Children’s authors give insight to writing
Reading about grand adventures, inspiring characters and otherworldly locations can cause any imagination to run wild. Whether children are gaining their first exposure to the Narnia books or older readers are devouring pages on dystopian communities, these stories may inspire those bookworms to come up with their own ideas for unique plotlines, protagonists and perspectives.
But how can readers make the jump to writing their own stories? It's certainly not an easy path, but it can be extremely fulfilling to put pen to paper and create a scene, characters and plot from scratch. Some of the most famous and decorated children's authors have provided bits of wisdom to others who want to write, and these pieces of advice could go a long way toward inspiring others to begin composing their own works.
Read, read and read some more
Perhaps the first step toward becoming a writer is being a reader. Sampling a wide range of genres and authors can entertain and delight readers while also clueing them in to the style they are most drawn to. It also provides the perfect way to learn about good writing, as The Giver author Lois Lowry pointed out.
"Reading is the best way to write well," Lowry writes on her website. "Read as much as you can. Think about what you read: how the author made it interesting, or funny, or suspenseful."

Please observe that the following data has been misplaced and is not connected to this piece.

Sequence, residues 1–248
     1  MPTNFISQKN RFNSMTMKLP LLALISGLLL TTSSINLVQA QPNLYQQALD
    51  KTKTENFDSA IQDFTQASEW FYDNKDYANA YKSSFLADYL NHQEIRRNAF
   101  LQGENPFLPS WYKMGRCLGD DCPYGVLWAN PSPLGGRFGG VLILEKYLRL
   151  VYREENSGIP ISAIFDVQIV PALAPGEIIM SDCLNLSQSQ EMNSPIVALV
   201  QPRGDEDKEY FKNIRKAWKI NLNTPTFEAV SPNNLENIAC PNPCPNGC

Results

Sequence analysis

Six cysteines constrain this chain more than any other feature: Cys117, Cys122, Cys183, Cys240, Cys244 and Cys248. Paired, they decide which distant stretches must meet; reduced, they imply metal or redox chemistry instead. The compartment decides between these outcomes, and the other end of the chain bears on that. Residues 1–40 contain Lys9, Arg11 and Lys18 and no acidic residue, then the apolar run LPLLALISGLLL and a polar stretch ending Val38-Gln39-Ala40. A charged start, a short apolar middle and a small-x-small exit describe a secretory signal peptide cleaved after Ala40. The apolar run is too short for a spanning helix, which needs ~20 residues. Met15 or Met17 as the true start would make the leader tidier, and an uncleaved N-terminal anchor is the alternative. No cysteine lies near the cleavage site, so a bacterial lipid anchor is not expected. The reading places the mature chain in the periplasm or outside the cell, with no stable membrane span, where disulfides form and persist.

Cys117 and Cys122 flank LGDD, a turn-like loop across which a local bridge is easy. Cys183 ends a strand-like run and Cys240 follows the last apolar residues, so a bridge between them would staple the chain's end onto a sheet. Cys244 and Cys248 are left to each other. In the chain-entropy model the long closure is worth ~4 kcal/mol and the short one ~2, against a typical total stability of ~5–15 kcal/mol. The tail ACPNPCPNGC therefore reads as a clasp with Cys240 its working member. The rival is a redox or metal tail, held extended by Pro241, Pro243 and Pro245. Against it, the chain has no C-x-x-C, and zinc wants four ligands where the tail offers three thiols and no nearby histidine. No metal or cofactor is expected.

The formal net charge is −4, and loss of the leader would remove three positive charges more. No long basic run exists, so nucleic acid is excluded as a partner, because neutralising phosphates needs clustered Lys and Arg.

Show, don't tell
A key point that many celebrated children's authors emphasized was the importance of showing with writing, rather than telling. C.S. Lewis once wrote a letter to a young fan in which he stated that, instead of telling the reader how to feel about a certain scene, the scene must be described so the reader feels it naturally. Explaining this concept is one thing, however, and carrying it out in practice is another. Lewis himself explained that this is one of the hardest things to do in writing, and most authors will spend hours agonizing over how to describe "the thing" so the page matches the picture in their mind.
"If you become a writer you'll be trying to describe the thing all your life: and lucky if, out of dozens of books, one or two sentences, just for a moment, come near to getting it across," C.S. Lewis wrote in his letter, according to Letters of Note.
The best way to get better at writing, according to the experts, is just to write! Lowry recommends keeping a journal to start, and even Charlotte's Web author E.B. White told an aspiring teenager that he wrote thousands of words in a journal before ever making the jump to published stories. What is written doesn't matter, as the important thing is simply the act of writing.
"You asked me about writing — how I did it," White wrote to the teen, according to the book E. B. White: The Essayist as First-Class Writer. "There is no trick to it. If you like to write and want to write, you write, no matter where you are or what else you are doing or whether anyone pays any heed."